Friday 17 May
Grey-headed warbler (Basileuterus griseiceps)
Grey-headed warbler fact file
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Grey-headed warbler description
The grey-headed warbler (Basileuterus griseiceps) belongs to a family of birds often described as ‘jewels of the forest’ due to their areas of dazzling, brightly coloured plumage (2). As its name suggests, this species has a grey head, with distinctive white spots above the eyes and white speckling on the ear-coverts. Its upperparts are deep olive-green, and its underparts and throat are a bright yellow colour (3). The grey-headed warbler has tiny, flesh-coloured legs and a black bill (4).
Both the male and female are similar in appearance. The juvenile has a dark grey hood extending down the breast, its body is brown and its underparts and legs are paler (4).
The grey-headed warbler’s song consists of a lively ‘(hu)wee-che-tseew’. A thin ‘tsip’ call is used in communicating with other birds, and a harsher ‘tseck’ or ‘chack’ is used when the warbler is excited (4).
- Also known as
- Gray-headed warbler.
- Adult length: 14 cm (2)
BirdLife International - Grey-headed warbler:
- Cloud forest
- A tropical mountain forest with a high incidence of cloud cover throughout the year.
- The circle of small feathers covering the ear opening of a bird. Also called auriculars.
- A species or taxonomic group that is only found in one particular country or geographic area.
- The act of incubating eggs, that is, keeping them warm so that development is possible.
- Animals with no backbone, such as insects, crustaceans, worms, molluscs, spiders, cnidarians (jellyfish, corals, sea anemones) and echinoderms.
- Of mountains, or growing in mountains.
- Montane forest
- Forest occurring in mountains.
IUCN Red List (December, 2011)
- Hutchins, M., Jackson, J.A. and Block, W.J. (2003) Grzimek’s Animal Life Encyclopedia. Volume 11: Birds IV. Gale Group, Farmington Hills, Michigan.
BirdLife International (December, 2011)
- del Hoyo, J., Elliot, A. and Christie, D.A. (2010) Handbook of the Birds of the World. Volume 15: Weavers to New World Warblers. Lynx Edicions, Barcelona.
- Morse, D.H. (1989) American Warblers: An Ecological and Behavioural Perspective. Harvard University Press, Cambridge, Massachusetts.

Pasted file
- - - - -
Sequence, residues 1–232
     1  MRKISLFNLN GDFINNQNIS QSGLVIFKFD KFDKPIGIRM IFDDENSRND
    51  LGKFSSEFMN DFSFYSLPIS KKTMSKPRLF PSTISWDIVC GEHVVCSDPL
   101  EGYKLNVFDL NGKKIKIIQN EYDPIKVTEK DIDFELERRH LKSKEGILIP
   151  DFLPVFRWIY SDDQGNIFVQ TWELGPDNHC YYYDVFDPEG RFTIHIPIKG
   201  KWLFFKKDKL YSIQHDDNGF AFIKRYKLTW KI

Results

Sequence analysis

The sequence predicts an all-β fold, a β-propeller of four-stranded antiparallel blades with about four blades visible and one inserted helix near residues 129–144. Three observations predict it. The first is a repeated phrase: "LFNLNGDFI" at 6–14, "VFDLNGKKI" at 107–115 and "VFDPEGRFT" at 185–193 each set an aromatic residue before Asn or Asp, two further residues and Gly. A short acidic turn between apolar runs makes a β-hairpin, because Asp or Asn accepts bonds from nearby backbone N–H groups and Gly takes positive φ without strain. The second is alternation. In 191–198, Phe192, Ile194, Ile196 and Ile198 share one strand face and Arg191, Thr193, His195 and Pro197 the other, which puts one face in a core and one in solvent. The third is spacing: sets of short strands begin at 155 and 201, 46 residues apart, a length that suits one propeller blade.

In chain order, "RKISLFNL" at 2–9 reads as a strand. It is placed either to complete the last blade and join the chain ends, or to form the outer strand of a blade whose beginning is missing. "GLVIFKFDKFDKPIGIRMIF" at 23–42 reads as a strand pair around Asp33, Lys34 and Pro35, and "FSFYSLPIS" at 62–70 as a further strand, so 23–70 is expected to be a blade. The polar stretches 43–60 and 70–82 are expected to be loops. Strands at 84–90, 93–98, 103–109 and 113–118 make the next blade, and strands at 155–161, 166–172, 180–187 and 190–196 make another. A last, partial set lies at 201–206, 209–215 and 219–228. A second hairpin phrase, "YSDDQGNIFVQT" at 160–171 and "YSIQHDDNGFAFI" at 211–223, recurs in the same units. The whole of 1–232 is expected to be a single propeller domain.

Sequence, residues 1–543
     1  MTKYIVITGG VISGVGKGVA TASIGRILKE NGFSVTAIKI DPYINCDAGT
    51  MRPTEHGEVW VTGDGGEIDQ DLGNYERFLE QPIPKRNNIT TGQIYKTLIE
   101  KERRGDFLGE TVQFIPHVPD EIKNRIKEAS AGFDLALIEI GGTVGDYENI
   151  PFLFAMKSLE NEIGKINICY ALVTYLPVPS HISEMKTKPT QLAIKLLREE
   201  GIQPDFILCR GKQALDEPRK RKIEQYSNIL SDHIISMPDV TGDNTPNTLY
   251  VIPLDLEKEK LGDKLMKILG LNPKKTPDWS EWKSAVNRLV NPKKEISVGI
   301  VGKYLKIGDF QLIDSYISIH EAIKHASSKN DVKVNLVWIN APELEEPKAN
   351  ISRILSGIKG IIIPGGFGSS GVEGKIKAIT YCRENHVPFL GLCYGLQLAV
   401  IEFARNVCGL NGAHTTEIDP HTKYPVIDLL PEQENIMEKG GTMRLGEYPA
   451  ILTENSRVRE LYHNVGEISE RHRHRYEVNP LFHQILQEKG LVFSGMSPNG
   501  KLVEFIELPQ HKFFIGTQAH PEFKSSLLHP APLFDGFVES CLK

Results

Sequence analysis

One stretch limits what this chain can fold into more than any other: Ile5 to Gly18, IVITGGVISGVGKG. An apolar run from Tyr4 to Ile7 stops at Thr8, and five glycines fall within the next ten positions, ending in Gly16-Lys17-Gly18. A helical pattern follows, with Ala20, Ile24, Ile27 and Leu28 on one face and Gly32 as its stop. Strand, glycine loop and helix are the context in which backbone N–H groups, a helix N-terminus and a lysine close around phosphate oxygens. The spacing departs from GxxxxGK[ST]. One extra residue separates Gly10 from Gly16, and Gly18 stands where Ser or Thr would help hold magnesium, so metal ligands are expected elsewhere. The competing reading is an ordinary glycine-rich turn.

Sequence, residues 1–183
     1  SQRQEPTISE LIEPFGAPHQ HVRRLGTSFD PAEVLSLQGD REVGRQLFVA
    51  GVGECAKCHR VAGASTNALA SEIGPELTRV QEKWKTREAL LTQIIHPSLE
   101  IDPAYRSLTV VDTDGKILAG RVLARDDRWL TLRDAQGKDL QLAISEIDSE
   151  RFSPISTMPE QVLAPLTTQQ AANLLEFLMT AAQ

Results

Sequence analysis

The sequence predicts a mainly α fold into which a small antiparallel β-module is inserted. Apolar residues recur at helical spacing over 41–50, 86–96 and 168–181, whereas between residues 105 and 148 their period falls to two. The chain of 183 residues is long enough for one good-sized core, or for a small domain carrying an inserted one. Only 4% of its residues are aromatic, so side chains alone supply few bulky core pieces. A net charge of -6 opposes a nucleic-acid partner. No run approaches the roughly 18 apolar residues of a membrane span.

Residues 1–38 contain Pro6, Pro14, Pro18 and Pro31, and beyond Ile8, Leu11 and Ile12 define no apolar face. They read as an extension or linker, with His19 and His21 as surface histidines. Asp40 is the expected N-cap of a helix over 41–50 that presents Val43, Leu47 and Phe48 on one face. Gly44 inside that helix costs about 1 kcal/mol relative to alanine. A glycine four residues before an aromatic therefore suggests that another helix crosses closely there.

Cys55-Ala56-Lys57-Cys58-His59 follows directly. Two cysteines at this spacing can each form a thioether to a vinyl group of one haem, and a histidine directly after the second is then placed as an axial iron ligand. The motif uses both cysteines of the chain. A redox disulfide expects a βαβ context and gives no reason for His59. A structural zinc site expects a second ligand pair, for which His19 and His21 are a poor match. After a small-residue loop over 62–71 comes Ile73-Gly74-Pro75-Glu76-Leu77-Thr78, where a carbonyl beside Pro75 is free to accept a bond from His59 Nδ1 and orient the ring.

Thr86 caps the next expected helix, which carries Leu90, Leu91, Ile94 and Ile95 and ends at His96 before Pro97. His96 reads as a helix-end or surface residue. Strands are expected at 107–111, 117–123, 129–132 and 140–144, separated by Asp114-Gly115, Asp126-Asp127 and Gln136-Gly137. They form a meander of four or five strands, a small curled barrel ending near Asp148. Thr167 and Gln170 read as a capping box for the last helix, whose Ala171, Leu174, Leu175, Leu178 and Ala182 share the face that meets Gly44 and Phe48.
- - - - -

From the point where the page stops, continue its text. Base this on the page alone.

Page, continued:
- Elphick, C., Dunning Jr, J.B. and Sibley, D. (2001) The Sibley Guide to Bird Life and Behaviour. Christopher Helm, London.
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Grey-headed warbler biology
Although little is known about the breeding habits of the grey-headed warbler, species in the Parulidae family, also known as New World warblers, are all believed to have similar reproductive behaviours (5) (6). The male and female usually remain pair-bonded throughout the breeding season. Three eggs are typically produced per clutch, although the number of eggs laid varies according to the amount of food that is available. The incubation period usually lasts 12 days, and during this period the female stays with the eggs while the male provides food (2). The breeding season for the grey-headed warbler begins in May and July, and juveniles fledge in August (3).
The nest of the grey-headed warbler is shaped like a domed cup, and has a side entrance. It is built mainly with bamboo leaves and palm material and is usually found approximately 1.5 metres above the ground (4).
Like other species of New World warbler, the grey-headed warbler feeds mainly on insects (2) and other invertebrates (4). Its thin, pointy bill is well adapted to foraging for its small prey, and it may also forage for seeds and berries. This species is elusive, and will flit at high speed from branch to branch (2).Top
Grey-headed warbler range
The grey-headed warbler is endemic to northeast Venezuela. This species has a small range, and has recently been recorded in just seven locations in the Cordillera de Caripe, a mountain range in Venezuela (3).Top
Grey-headed warbler habitat
The grey-headed warbler is found in a variety of forest habitats, including undisturbed montane and cloud forest. It also inhabits forest edges and clearings, where the understory is very dense. This species may survive in disturbed forest where the understory remains intact, although its abundance is lower in fragmented forests (3) (4).Top
Grey-headed warbler status
The grey-headed warbler is classified as Endangered (EN) on the IUCN Red List (1).Top
Grey-headed warbler threats
The main threat to the grey-headed warbler is habitat destruction. Large areas of the Cordillera de Caripe have been cleared for agriculture and pasture. Forest clearing and burning for coffee and fruit plantations are degrading the montane forest habitat, reducing the available understory on which the grey-headed warbler depends for survival (3).Top
Grey-headed warbler conservation
Large areas of the grey-headed warbler’s habitat are protected within El Guácharo National Park, and the reserve was recently expanded to include a further 500 square kilometres of largely undisturbed forest. Increasing the area of protected habitat further will help protect the grey-headed warbler (3).Top
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More information on the grey-headed warbler:
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